Quantifying Uncertainty and Variable Sensitivity within the U.S. Billion-Dollar Weather and Climate Disaster Cost Estimates
Natural Hazards, 2015, DOI: 10.1007/s11069-015-1678-x
Posted: 22 Mar 2015 Last revised: 25 Mar 2015
Date Written: March 11, 2015
Research examining natural disaster costs on social and economic systems is substantial. However, there are few empirical studies that seek to quantify the uncertainty and establish confidence intervals surrounding natural disaster cost estimates (ex-post). To better frame the data limitations associated with natural disaster loss estimates, a range of losses can be evaluated by conducting multiple analyses and varying certain input parameters to which the losses are most sensitive. This paper contributes to the literature by examining new approaches for better understanding the uncertainty surrounding three U.S. natural disaster cost estimate case studies, via Monte Carlo simulations to quantify the 95%, 90% and 75% confidence intervals. This research also performs a sensitivity analysis for one of the case studies examining which input data variables and assumptions are the most sensitive and contribute most to the overall uncertainty of the estimate.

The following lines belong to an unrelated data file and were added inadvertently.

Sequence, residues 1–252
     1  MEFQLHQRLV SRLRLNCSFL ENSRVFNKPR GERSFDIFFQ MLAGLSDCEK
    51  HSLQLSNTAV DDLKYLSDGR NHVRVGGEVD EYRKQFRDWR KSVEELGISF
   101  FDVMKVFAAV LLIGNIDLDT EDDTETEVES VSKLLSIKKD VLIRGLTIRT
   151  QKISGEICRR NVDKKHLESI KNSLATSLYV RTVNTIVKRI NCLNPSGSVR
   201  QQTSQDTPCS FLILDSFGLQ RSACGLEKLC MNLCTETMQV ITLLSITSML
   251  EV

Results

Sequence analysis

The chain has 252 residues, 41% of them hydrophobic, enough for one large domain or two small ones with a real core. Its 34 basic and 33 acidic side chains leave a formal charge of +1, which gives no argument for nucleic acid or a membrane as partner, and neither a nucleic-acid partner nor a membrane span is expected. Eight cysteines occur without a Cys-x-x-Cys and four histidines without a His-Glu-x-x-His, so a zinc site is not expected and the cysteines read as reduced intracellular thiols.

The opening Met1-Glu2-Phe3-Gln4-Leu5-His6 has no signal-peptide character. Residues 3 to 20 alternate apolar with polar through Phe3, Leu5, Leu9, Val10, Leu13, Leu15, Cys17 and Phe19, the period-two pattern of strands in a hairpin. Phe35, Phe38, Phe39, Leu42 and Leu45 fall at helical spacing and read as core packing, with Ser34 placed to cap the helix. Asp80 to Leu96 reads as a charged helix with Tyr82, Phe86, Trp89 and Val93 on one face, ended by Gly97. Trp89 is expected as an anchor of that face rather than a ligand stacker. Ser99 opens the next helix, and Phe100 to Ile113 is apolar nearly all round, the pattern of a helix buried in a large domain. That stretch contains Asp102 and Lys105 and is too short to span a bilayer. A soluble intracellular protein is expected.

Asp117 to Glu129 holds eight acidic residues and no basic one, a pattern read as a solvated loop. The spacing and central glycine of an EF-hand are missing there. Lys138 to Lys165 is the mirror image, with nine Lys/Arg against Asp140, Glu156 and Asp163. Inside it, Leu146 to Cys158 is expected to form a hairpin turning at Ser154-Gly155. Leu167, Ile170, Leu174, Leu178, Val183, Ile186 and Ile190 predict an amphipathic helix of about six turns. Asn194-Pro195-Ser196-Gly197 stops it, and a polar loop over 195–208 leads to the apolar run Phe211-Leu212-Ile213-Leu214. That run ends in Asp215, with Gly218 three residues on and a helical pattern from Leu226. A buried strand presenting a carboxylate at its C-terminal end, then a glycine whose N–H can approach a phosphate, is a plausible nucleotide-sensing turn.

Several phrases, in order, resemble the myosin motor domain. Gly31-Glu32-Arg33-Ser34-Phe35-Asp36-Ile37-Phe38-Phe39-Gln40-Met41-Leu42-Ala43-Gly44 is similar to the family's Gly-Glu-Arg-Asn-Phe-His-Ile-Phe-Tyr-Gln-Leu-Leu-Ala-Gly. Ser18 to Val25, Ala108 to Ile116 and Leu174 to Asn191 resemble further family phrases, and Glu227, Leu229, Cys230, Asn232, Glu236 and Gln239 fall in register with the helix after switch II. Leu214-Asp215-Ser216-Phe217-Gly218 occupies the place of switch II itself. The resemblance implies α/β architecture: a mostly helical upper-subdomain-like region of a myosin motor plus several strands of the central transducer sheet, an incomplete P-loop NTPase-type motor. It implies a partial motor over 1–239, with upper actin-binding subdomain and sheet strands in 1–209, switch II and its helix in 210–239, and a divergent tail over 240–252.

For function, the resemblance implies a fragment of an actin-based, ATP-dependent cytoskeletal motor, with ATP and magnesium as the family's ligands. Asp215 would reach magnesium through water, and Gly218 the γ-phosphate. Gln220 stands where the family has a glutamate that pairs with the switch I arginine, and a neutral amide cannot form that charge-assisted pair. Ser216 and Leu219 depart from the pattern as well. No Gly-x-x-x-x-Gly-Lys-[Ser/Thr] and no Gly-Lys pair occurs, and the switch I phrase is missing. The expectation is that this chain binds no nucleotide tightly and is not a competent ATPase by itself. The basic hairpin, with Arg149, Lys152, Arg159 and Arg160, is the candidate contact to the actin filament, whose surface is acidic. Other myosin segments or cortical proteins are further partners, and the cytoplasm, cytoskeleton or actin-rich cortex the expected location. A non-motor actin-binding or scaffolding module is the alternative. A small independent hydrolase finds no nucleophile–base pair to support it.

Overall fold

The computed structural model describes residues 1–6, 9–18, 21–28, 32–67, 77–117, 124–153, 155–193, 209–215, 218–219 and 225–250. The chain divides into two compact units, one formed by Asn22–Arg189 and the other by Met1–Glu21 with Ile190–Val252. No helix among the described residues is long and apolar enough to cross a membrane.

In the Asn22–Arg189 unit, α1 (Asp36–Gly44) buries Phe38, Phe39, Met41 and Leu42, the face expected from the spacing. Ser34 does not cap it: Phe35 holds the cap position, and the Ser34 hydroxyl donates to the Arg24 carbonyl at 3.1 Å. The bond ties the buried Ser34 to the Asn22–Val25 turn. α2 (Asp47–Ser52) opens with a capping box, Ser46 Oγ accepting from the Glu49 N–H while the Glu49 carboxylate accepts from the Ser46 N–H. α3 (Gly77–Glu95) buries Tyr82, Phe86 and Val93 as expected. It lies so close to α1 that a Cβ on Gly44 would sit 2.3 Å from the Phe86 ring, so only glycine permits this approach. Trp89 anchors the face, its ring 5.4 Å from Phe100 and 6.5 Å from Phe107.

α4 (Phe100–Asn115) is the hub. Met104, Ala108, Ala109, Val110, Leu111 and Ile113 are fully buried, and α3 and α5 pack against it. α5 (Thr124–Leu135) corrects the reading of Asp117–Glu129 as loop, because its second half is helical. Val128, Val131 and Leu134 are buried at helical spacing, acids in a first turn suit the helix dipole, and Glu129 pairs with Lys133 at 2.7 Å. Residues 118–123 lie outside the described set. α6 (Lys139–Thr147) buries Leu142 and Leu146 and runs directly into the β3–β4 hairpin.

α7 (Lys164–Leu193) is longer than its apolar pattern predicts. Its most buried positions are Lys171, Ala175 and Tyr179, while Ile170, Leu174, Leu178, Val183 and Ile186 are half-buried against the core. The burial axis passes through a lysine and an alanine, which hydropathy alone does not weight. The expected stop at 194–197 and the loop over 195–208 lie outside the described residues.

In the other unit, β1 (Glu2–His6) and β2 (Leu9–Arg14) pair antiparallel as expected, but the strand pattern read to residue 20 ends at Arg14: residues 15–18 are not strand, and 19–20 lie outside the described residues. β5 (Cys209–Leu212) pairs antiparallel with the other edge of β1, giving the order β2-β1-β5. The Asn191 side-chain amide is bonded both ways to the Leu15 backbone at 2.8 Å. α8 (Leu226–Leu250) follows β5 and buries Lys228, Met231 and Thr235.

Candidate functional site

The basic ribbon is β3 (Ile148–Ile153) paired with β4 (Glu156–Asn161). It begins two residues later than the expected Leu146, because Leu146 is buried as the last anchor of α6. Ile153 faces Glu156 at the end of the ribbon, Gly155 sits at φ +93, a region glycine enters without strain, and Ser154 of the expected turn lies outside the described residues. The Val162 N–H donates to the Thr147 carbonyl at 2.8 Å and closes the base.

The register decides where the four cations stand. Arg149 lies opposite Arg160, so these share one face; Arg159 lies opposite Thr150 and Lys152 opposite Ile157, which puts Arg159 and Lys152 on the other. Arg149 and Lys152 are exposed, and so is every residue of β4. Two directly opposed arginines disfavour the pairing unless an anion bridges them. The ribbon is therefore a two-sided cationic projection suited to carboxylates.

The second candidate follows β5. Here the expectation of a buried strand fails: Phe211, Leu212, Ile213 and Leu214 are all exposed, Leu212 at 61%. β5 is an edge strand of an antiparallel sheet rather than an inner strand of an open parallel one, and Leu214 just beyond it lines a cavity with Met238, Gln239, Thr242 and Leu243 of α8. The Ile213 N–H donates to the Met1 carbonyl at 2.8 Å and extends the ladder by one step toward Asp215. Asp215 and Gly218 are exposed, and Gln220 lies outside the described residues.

The Monte Carlo simulations for all three of the natural disaster events examined provide additional confidence in the U.S. Billion-dollar weather and climate disaster loss estimate report (NCDC 2014), since these estimates are within the confidence limits and near the mean and median of the example simulations. The normalized sensitivity analysis of Hurricane Ike damage costs determined that commercial losses in Texas are the most sensitive to assumption variability. Therefore, improvements in quantifying the commercial insurance participation rate for Texas will result in the largest reduction of uncertainty in the total loss estimate for Hurricane Ike. Further minimization of uncertainty would continue with improved measurement of subsequent cost parameters in order of descending sensitivity.
Keywords: natural disasters, costs, losses, uncertainty, statistics of extreme events, sensitivity
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